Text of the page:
|Publication number||US6286542 B1|
|Application number||US 09/311,980|
|Publication date||Sep 11, 2001|
|Filing date||May 14, 1999|
|Priority date||May 14, 1999|
|Publication number||09311980, 311980, US 6286542 B1, US 6286542B1, US-B1-6286542, US6286542 B1, US6286542B1|
|Inventors||Eldon W. Morain, David S. Jordan|
|Original Assignee||Continental Industries, Inc.|
|Export Citation||BiBTeX, EndNote, RefMan|
|Patent Citations (15), Referenced by (23), Classifications (14), Legal Events (11)|
|External Links: USPTO, USPTO Assignment, Espacenet|
This application is not related to any pending applications.
This application is not referenced in any microfiche appendix.
The present invention is directed to pipe locating equipment and, more particularly, to an improved method and article of manufacture for introducing a locator wire to the interior portion of a pressurized, or non-pressurized, subterranean, or otherwise concealed, plastic pipe.
Beginning in the mid-1950's it was a common practice for utility companies, such as gas utility companies, to install plastic pipelines to transport gas to a consumer. In some instances, locating metal wires were installed along with the pipeline to aid in identifying the exact location of a newly laid pipeline. In time, such pipelines became brittle and required repair. Subterranean plastic pipelines buried with locating wires were, and continue to be, fairly easy to locate using magnetic detecting equipment. Plastic pipelines buried without locating wires or with inaccurately placed locating wires are next to impossible to locate with any degree of specificity, as they cannot be mapped via conventional electrical current, or magnetometer detection means.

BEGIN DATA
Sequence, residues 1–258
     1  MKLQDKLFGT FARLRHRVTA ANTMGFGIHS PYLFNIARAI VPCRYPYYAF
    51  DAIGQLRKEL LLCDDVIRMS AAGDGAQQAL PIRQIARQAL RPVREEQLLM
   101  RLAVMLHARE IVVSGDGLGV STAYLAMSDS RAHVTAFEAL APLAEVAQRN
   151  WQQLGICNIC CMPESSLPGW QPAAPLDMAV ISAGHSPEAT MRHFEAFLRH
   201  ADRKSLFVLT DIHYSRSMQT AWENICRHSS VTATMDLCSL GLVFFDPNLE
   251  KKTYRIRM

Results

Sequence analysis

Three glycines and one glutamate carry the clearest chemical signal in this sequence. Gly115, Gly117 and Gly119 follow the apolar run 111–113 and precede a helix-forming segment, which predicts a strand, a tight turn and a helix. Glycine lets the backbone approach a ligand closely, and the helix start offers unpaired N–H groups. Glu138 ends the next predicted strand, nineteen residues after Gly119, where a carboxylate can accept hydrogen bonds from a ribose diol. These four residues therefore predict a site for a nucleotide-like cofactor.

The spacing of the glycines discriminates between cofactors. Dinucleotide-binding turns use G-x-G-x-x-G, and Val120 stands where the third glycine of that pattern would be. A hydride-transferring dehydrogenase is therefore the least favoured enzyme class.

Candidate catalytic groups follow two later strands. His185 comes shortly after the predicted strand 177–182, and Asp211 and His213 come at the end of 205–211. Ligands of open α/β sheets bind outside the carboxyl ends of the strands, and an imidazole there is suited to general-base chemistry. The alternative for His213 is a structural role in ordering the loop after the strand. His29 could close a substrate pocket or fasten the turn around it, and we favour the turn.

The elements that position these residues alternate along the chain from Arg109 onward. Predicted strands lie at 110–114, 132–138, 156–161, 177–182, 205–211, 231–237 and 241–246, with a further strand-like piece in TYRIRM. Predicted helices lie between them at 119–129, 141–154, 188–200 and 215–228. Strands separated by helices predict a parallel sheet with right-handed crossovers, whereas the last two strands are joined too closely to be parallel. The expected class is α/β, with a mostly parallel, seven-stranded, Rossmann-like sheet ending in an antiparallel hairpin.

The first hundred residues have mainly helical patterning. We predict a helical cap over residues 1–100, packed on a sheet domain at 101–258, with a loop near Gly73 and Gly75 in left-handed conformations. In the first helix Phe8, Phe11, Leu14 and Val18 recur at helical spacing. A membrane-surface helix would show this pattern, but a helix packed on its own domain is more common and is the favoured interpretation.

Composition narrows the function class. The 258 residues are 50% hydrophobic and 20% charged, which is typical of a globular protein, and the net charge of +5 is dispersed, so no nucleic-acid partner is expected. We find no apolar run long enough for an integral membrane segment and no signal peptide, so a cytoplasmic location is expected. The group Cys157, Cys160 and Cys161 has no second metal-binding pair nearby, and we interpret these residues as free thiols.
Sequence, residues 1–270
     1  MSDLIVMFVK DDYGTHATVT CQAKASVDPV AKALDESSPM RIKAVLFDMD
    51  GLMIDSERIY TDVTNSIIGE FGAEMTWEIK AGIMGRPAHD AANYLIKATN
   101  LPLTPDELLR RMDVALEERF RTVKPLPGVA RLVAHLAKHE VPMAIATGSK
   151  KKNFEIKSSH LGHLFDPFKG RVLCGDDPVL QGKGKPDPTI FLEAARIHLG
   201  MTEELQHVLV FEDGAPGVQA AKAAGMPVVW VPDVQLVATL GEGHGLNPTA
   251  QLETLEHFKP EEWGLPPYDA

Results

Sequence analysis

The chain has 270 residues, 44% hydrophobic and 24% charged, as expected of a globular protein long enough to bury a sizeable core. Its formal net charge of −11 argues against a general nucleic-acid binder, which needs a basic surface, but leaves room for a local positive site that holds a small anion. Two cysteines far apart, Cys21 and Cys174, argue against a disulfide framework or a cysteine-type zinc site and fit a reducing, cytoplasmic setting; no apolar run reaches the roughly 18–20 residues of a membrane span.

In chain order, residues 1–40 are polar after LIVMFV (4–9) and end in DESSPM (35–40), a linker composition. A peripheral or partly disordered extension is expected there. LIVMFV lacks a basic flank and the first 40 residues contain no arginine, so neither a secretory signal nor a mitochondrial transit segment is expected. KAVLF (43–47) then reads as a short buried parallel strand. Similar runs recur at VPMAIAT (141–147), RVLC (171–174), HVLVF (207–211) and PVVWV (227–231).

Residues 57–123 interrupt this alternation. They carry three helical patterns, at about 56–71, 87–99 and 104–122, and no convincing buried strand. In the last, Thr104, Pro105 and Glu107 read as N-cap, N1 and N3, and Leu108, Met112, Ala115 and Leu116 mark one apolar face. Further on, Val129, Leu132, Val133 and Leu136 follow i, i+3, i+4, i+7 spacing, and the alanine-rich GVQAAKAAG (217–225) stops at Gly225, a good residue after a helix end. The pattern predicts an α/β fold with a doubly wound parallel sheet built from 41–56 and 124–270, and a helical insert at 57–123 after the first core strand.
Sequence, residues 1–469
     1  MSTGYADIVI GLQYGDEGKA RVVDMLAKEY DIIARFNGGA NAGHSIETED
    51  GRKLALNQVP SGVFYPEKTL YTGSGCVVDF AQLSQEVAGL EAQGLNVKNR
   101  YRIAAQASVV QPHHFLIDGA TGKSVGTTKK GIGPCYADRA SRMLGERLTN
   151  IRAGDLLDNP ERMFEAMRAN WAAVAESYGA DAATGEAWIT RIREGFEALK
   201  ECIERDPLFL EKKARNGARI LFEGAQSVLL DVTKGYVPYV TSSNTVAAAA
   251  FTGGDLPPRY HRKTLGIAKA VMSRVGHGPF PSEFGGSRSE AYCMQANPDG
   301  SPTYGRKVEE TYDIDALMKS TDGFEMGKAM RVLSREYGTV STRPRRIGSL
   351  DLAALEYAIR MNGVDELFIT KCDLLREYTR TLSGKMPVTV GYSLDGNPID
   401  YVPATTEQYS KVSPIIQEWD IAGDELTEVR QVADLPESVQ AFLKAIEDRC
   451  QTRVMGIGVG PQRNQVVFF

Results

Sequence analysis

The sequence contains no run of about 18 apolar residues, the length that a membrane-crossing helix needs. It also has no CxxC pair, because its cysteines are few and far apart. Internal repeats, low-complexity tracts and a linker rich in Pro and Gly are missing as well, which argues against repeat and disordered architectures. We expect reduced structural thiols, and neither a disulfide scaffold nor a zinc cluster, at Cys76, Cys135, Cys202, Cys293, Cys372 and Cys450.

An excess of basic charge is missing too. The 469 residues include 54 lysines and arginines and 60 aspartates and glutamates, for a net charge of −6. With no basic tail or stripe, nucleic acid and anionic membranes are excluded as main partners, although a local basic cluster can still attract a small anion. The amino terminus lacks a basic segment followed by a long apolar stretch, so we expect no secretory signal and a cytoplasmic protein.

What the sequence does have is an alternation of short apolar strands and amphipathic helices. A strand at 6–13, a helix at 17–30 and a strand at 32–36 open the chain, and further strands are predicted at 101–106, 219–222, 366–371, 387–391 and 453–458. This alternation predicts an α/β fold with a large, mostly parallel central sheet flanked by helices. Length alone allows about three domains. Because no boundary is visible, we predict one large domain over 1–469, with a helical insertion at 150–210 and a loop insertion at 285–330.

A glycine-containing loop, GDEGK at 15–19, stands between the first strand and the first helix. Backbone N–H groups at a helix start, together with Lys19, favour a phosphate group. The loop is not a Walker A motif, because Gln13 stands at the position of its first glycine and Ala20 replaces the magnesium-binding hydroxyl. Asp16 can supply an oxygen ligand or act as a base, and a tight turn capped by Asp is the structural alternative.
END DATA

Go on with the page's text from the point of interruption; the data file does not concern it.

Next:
A “dig-in” is a term used throughout the pipeline industry to refer to the unintentional hitting or breaking of a subterranean pipeline. As the exact location of buried pipelines is often poorly documented, it is estimated that over two million such “dig-ins” occur each year. The danger associated with damaging or breaking a gas pipeline is obvious.
A somewhat less obvious exposure exists for those parties precipitating an unintentional “dig-in”, namely, liability exposure. Typically, if a dig-in occurs within two feet of where a utility company indicates a pipeline resides, the cost of pipeline repair and “dig-in” related liability falls upon the excavating party. Should a “dig-in” occur outside of the two foot parameter established by the utility company, the utility company assumes liability and repair responsibility.
Consequently, what is needed is an improved method and apparatus for inserting a locator wire into a pre-existing plastic or other non-metallic based pipeline such that an accurate displacement and location of the pipeline can be assured. Thus, eliminating or greatly reducing the likelihood of inadvertent dig-ins.
An apparatus and methodology to feed a locator wire, or other electrical conductor, into a subterranean, or otherwise concealed, non-metallic based pipeline. It is an objective of the present invention to introduce a locator wire into a plastic pipe while simultaneously minimizing the potential for escape of a transported volume such as gas, water, sewerage or oil. Examples of plastic pipelines include, but are not limited to, polyethylene, polyvinylchloride and fiberglass compositions.
It is another objective of the instant invention to minimize the explosion hazard attendant to gas pipeline detection and repair operations. Within a gas pipeline, minute dust particles transported along with the pipeline's gas volume generate static electricity. The presence of such electricity, in turn, provides for explosion potential during pipeline detection and repair operations. The present invention facilitates the discharge of such static charges by grounding the invention's wire feeding component, in advance of pipeline detection and repair operations.